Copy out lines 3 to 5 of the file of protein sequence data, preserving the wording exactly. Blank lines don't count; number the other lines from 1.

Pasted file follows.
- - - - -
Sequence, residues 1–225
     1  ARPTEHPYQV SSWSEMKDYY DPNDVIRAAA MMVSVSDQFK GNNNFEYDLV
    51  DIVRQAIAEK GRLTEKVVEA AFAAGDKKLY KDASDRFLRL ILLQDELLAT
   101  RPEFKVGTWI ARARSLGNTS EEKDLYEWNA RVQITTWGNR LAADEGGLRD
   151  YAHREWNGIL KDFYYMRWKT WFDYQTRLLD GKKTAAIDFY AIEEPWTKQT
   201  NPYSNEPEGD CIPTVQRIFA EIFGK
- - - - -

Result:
    51  DIVRQAIAEK GRLTEKVVEA AFAAGDKKLY KDASDRFLRL ILLQDELLAT
   101  RPEFKVGTWI ARARSLGNTS EEKDLYEWNA RVQITTWGNR LAADEGGLRD
   151  YAHREWNGIL KDFYYMRWKT WFDYQTRLLD GKKTAAIDFY AIEEPWTKQT